Now it’s time to check the tires. This will provide you with much needed information about the previous owner’s driving habits as well as their attention to maintaining the vehicle. The first thing to inspect is the air pressure. Use your tire pressure gauge on each of the tires and compare it to both the maximum pressure as written on the side wall of the tire itself as well as the recommended air pressure as stated in the owners manual.
You can also open the driver’s side door and look for the tire information tag. It can also somtimes be located on the door itself or in the gas cap. This will tell you the manufacturer’s original tire size as well as the cold tire pressure. Be sure to log this information on your vehicle check list. Typically, all 4 tires will carry near the same amount of pressure so if one is considerably lower than the others, this will show you if a tire possibly has a slow leak which is not usually visible. A difference of 5 psi or more would be considered low.
It is a good idea to make sure the tires on the pre-owned vehicle are the correct size as suggested by the manufacturer. If the tires are a different size, it could possibly make the speedometer read incorrectly.
When a vehicle is properly maintained, the tires should wear evenly without any ‘bald’ rings. The tread is even and defined all the way around the tire. This particular vehicle seems to have an alignment problem which causes the tread to wear out faster on the inside. This means that not only will the vehicle need new tires, but it will need front end work as well. Under inflated tires will wear out faster on the outsides of the tire, while Over inflated tires tend to wear out the center of a tire, so pay close attention to the tread wear.
The final thing you will want to notice is the amount of tread left on each tire. There are 2 ways to check the tread depth. The first is to use a tread depth gauge, which is available at most auto parts stores, or by clicking on the link next to this paragraph. The second and most common method, is to use a coin, usually a penny. Place the penny into the tread of the tire with the head facing you in at least 4 different locations. As long as part of Lincoln’s head is touching tread at the lowest point, then you have at least 2/32″ of tread left. Once the tire’s tread wears further, the vehicle will have a higher likelihood of hydroplaning on wet surfaces as well as minimal traction, specially in muddy or snowy conditions.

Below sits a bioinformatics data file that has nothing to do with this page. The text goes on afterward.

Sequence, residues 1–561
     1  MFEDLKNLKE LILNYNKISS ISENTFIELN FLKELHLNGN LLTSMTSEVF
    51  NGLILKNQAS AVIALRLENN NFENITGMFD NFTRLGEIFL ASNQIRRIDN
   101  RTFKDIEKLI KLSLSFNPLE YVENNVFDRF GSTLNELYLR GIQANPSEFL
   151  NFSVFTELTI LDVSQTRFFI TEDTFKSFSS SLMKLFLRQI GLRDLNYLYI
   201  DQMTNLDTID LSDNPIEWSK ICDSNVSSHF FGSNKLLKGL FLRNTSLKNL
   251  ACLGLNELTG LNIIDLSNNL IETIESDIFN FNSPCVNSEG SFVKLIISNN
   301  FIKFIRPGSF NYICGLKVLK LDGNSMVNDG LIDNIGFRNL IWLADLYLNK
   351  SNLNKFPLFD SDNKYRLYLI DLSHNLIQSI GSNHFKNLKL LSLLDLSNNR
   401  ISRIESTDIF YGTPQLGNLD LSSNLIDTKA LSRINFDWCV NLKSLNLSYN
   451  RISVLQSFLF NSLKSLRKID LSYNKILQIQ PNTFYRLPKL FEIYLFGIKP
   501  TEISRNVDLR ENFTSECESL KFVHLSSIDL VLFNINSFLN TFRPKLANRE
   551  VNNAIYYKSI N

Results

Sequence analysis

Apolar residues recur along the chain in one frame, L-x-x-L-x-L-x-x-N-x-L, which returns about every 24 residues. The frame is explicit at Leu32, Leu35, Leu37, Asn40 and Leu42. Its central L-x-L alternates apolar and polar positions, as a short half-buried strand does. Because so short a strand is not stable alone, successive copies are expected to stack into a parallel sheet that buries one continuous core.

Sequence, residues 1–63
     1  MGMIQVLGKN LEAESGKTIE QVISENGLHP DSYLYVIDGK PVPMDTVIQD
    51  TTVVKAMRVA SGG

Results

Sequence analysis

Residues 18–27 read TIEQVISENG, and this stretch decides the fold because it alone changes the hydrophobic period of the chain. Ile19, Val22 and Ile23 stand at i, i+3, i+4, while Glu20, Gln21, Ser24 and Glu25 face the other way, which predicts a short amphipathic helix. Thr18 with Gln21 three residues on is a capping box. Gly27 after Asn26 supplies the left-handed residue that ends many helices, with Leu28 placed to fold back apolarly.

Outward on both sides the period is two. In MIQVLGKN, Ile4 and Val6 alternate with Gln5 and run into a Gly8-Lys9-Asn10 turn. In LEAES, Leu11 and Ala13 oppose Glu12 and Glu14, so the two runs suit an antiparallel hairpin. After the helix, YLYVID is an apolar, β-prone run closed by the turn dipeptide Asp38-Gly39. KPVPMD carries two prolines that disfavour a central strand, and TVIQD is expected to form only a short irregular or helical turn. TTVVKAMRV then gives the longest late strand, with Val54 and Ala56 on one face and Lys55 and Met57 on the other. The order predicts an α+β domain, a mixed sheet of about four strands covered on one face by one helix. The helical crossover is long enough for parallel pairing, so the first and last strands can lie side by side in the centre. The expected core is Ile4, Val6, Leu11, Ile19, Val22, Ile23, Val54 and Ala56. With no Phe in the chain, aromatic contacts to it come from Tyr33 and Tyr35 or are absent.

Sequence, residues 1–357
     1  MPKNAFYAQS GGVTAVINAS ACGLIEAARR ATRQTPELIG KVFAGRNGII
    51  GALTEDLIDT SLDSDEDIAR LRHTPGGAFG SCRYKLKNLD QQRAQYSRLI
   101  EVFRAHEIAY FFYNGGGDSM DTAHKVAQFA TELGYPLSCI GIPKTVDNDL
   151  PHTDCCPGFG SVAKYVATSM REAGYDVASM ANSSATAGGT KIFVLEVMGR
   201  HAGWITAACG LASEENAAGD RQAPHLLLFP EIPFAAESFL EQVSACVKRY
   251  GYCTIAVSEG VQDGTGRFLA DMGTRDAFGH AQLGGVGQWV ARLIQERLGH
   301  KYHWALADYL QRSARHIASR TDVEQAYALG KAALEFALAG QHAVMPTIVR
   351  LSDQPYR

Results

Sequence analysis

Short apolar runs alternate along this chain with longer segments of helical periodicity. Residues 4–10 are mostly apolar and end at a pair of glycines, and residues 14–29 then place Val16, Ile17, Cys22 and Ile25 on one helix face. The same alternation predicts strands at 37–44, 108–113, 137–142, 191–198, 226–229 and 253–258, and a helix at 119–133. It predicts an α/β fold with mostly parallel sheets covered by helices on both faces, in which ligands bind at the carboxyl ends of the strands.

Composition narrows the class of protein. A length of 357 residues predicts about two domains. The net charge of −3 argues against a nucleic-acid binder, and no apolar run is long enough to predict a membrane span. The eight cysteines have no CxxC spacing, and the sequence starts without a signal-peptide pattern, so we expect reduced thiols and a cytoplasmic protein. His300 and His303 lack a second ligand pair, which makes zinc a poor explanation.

The last tire you need to check is the Spare Tire. This is a commonly un-inspected item which buyers forget to check before purchasing or test driving a vehicle. Consult with the seller for the exact location of the spare tire, but typically it is located in the trunk or hatchback area. When you locate the tire, be sure there is a jack as well as a lug wrench that fits the vehicle’s current lugs. If the car is equipped with locking lug nuts, ask the seller where the Key is located, which will be needed to remove the tires.
Always check the thread twice. It could have no bald spots, nor is it wearing unevenly, but it cannot pass the penny test. And they will need to be replaced soon. This would not be a good tire to drive in snowy or icy conditions.